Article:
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Narda Lepes is a household name in Argentina. She stars in cooking and travel shows, writes cookbooks, hosts a radio show, and sells her own line of supermarket products and kitchen appliances. Narda Comedor, her restaurant in Bajo Belgrano, takes after a mess hall, but the kitchen puts vegetables on the main stage. Many items are inspired by Lepes’s travels across Asia, the Middle East, and Latin America, and a talented crew of cooks serves dishes for breakfast, lunch, merienda (tea time), and dinner. [$$$]

A bowl of whole roasted onion surrounded by mashed potato and broth, and topped with nuts and other garnishes

“The onion,” a classic dish at Narda Comedor.

Eugenio Mazzinghi

3. Corte Comedor

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Av. Olazábal 1395, C1428 C1428ASK
Buenos Aires, Argentina

Even though Uruguayan chef (and Francis Mallmann disciple) Santiago Garat constantly changes the menu, you can expect him to serve top-quality sirloin, skirt steak, rib-eye, pork loin, and all of the homemade chorizos. Don’t miss the spicy lamb merguez starter or seasonal vegetable side dishes. And make sure to hop next door to Corte Carniceria, one of the best butcher shops in the city, to shop for sausages, pork, and dry-aged beef. [$$$]

A large cut of meat with distinct bones and marbling sits on a butcher counter
Great meat from Corte Carniceria next door
Corte Carniceria / Facebook

4. La Kitchen

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Nuñez 3400
C1429 CABA, Argentina

Found in residential Saavedra, this northside bakery and cafe favorite pumps out very memorable baked goods. Sweet and savory fosforitos are usually found at birthday parties and family gatherings, but it’s always a good time to enjoy sweet-glazed pastry dough filled with ham and cheese. Many customers come for chipas, sandwiches of pastrami on pletzalej, and croissants exploding with raspberry jam. La Kitchen recently expanded their original tiny location and now has ample indoor and outdoor patio seating. [$$]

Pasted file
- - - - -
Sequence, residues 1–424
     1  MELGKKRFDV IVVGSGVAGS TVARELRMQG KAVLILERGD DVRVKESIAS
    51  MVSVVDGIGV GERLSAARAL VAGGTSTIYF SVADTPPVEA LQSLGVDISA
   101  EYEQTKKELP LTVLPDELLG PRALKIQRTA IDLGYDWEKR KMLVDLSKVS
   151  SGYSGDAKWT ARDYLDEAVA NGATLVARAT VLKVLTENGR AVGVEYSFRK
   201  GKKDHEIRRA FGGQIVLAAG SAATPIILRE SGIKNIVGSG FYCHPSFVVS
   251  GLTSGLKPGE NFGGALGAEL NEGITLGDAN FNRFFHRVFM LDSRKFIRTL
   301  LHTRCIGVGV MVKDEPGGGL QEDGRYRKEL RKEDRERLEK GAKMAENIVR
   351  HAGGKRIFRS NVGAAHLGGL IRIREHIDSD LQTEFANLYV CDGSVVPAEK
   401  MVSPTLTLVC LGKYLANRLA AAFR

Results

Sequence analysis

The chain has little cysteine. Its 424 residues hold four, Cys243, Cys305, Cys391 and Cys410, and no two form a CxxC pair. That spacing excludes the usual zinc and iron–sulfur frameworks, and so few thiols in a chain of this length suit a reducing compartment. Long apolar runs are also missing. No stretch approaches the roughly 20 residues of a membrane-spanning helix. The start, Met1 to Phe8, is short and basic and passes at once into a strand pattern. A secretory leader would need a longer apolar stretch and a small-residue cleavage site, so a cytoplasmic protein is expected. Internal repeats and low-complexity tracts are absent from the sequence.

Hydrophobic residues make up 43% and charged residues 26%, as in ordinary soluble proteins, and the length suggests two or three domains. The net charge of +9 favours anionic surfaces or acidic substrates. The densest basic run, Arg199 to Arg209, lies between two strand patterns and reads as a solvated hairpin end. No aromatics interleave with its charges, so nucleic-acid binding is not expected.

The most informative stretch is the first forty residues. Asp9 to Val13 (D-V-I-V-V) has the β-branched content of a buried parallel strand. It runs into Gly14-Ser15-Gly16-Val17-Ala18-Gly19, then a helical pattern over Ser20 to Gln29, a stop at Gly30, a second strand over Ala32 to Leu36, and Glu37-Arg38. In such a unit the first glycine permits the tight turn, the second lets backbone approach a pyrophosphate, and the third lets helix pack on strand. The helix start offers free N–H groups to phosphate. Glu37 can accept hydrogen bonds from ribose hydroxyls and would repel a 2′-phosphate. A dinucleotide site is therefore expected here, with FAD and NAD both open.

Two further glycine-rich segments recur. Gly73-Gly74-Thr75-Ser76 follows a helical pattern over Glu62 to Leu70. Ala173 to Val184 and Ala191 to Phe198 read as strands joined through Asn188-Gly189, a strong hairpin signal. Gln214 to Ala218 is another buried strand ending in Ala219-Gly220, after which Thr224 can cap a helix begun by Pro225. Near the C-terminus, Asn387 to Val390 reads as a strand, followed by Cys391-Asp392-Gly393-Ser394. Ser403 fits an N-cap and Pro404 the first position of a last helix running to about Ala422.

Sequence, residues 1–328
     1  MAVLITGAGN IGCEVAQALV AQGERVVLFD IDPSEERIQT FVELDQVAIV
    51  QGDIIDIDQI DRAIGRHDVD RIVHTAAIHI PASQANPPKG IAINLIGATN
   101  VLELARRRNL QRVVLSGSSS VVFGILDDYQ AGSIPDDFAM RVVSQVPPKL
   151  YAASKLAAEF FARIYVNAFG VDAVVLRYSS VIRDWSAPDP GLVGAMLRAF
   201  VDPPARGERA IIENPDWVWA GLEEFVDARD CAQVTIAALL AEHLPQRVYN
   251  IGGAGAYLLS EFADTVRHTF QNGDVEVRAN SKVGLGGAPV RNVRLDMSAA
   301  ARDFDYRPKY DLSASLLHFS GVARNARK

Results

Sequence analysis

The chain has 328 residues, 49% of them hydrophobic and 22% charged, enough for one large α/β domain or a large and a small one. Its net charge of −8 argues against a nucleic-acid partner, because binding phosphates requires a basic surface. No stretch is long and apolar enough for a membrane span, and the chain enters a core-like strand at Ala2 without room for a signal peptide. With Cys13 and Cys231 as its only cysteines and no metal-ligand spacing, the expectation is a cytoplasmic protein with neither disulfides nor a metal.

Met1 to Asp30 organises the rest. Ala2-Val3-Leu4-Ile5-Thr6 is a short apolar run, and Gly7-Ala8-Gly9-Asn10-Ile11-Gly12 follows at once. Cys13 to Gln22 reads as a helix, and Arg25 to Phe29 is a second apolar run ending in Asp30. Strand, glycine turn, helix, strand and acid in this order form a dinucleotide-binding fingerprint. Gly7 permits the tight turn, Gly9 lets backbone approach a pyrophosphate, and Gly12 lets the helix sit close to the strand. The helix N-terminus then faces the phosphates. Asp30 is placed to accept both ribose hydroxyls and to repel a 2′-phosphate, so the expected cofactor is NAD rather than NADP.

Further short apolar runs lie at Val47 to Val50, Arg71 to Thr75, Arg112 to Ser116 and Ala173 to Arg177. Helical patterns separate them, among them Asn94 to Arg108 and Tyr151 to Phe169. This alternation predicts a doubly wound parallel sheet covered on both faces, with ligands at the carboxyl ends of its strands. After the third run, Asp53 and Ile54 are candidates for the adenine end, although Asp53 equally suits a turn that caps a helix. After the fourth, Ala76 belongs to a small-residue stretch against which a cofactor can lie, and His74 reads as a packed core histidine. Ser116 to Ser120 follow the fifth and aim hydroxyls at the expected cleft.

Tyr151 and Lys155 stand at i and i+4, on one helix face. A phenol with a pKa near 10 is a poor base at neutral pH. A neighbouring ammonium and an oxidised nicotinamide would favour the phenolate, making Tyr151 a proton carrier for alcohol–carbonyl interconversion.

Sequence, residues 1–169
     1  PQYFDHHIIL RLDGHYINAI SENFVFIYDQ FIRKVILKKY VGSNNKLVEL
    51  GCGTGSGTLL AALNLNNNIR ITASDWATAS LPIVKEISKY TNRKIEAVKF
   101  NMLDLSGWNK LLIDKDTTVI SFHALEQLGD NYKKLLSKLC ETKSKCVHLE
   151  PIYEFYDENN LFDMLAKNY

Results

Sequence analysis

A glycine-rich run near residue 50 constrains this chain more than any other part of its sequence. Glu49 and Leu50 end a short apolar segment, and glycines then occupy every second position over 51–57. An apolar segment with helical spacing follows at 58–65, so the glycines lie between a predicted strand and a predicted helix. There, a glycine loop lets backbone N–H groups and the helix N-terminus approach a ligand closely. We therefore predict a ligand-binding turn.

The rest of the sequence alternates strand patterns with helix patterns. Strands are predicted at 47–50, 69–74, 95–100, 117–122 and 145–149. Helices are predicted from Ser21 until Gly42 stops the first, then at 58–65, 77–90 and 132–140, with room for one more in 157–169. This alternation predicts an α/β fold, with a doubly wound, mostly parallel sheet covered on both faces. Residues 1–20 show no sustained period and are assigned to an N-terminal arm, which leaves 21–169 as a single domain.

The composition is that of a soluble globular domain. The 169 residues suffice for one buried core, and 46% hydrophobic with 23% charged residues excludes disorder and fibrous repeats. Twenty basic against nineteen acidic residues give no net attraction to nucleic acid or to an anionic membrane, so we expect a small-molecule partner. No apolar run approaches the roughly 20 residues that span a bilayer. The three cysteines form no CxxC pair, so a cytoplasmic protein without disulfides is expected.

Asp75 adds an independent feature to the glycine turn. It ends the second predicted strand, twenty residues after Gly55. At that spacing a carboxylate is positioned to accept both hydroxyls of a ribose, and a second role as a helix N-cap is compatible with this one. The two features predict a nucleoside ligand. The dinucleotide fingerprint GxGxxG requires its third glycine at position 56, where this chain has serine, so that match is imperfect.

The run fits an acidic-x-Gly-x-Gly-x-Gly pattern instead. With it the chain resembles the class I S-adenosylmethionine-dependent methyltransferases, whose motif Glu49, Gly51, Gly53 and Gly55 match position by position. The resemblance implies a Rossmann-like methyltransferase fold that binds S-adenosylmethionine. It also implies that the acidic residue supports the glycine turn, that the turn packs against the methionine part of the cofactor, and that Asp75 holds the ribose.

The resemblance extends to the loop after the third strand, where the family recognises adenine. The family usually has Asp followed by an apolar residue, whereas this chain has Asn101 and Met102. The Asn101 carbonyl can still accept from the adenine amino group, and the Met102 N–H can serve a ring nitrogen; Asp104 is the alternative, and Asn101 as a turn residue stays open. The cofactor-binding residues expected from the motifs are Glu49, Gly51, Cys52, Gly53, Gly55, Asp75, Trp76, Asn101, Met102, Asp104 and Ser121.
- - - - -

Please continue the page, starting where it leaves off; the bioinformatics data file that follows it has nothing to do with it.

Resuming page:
A tray of sugar-dusted croissants bursting with jam
Raspberry jam croissants
La Kitchen

5. Heladeria Gruta

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Mariscal Antonio José de Sucre 2356
C1428 CABA, Argentina

While Argentina might be famous for its beef, the unsung hero of the food scene is the helado. The Italian-style gelato is a big deal in BA, especially at this family-owned Belgrano ice cream shop that has been making the artisanal sweet treat for over 43 years. If it’s too hard to choose from the 50 flavors, go with their most popular trifecta: dulce de leche, sambayón, and chocolate. Hot tip: If you order half a kilo or more, they will top your ice cream with their homemade caramelized almonds. [$]

A heladeria worker scoops ice cream into a cone
Serving up helado
Heladeria Gruta

6. Anafe

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Virrey Avilés 3216
C1426 CABA, Argentina

After hosting wildly popular pop-ups, chefs Mica Najmanovich and Nicolas Arcucci opened Anafe, where the vibe is laid-back but the dishes are anything but relaxed. The chefs reinterpret Eastern European, Italian, and Middle Eastern cuisines in small plates that emphasize texture, freshness, and flavor. Vegetarians won’t leave hungry either, since more than half of the menu is meat-free. The wine list features an excellent selection of boutique wines. Save room for dessert. [$$$]

A plate of pasta with multiple sauces for topping besides a glass of rose wine
Pasta and wine at Anafe
@buenospaladaires_

7. Atelier Fuerza Dos

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Delgado 1461
C1426BDW CABA, Argentina